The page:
I feel a deep sense of respect for these people who save lives on a daily basis. They were all acting happy to meet me, when really I was so honored to meet them! I think it's going to be a good thing - me and those white coats chillin' each week.

On a practical note: I am so happy to be employed after 5 months of unemployment because that means at the end of the month when I get paid I can afford to buy a mini-refridgerator! And if I pinch my pennies right - a toaster oven! :) :) :)

Having a fridge would revolutionize my life. Ohmygosh a fridge...cold water bottles, chilly air keeping food fresh, the ability to buy vegetables and take home left-overs! and a mini-OVEN. BAKED GOODS.

Ok, gotta stop, I'm lusting after appliances. What has my life come to?

Moral of the story:
Teaching = awesome
Getting a hard-earned paycheck = awesome
Having a job you love that also helps you buy appliances = priceless

walk slow. xoxo.

Oct 10, 2010

lunar birthday surprise.

I got back from a week-long trip yesterday morning at 4am. (update on that coming after some processing time). :)

I had 8am and 10am class. Which I slept through. Oops.

Around 11:30 I was woken up by a text message from Dr. Xu, "come to lunch, call me when you get a taxi" with a Chin.ese address written below. Okay, I thought. So I put on a dress, threw on some makeup and headed out the door.

Thirty minutes later I pulled up to a fancy schmancy neighborhood with houses. (most chin.ese live in shoddy apartments.) When Dr. Xu came to pick me up at the gate he announced that we were at Dr. Li's weekend home for a party. Dr. Li is one of the most asteemed heart surgeons in Chi.na and he is Dr. Xu's mentor. I was commanded quite sternly that I had to speak Chi.nese during the party.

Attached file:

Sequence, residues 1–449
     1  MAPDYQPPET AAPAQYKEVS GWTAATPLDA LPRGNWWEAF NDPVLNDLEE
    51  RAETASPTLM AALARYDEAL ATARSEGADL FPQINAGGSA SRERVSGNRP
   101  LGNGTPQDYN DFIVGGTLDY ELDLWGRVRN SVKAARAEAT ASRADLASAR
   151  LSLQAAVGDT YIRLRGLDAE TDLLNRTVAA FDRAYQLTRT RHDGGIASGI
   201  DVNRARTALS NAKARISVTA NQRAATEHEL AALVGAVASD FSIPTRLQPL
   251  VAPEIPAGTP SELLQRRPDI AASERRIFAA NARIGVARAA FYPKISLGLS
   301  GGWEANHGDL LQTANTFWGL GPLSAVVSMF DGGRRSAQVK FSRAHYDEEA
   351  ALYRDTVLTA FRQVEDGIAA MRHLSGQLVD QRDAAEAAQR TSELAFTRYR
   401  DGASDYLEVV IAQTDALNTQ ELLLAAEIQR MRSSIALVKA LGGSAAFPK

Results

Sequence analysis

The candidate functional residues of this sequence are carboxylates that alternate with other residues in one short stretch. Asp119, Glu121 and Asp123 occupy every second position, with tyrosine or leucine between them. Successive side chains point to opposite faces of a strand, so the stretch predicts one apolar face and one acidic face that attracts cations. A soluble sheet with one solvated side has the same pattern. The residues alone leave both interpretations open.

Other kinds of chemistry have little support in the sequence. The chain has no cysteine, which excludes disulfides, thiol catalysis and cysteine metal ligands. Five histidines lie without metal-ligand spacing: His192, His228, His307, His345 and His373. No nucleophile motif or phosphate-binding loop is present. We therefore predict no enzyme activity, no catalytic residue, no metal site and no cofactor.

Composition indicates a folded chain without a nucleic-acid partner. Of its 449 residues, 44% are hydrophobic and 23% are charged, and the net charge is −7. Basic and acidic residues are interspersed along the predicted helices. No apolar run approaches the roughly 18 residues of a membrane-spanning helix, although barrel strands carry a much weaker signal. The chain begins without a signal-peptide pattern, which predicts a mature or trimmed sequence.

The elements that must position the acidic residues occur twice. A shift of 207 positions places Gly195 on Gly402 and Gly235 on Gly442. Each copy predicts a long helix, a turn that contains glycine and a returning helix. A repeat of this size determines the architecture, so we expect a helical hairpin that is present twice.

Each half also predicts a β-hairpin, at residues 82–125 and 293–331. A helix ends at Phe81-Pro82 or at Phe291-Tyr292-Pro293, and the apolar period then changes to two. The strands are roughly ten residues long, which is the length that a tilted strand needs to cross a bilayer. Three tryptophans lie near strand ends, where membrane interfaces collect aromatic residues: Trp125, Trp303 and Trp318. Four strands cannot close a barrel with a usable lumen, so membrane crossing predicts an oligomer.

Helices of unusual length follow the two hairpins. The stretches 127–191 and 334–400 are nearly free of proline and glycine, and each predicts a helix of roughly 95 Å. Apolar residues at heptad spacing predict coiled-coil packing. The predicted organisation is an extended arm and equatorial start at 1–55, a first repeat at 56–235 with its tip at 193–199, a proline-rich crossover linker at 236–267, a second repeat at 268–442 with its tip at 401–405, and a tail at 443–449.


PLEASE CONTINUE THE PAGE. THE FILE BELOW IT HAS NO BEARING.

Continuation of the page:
Cool, I thought.

We arrived at Dr. Li's amazingly gorgeous home and I walked into a home full of Dr. Xu's best friends cooking a huge meal. In attendance were the head nurse her husband and son, Christina, Stone his wife and baby, and Dr. Xu and his girlfriend (our first time to meet, slightly awkward to be the foreign female best friend, but that's another story).

I went straight to the kitchen to catch up with Christina who was slaving away over a big pot of noodles. Michael was in a particularly jolly/hyper mood and came over to us to check on the noods. He announced that those were for him. Why? I wanted to know. "Because it is my lunar birthday!" he said. So he has to eat the birthday noodles. (for a long life).

I sucker punched him for not telling me we were going to his birthday party. Turd ferguson!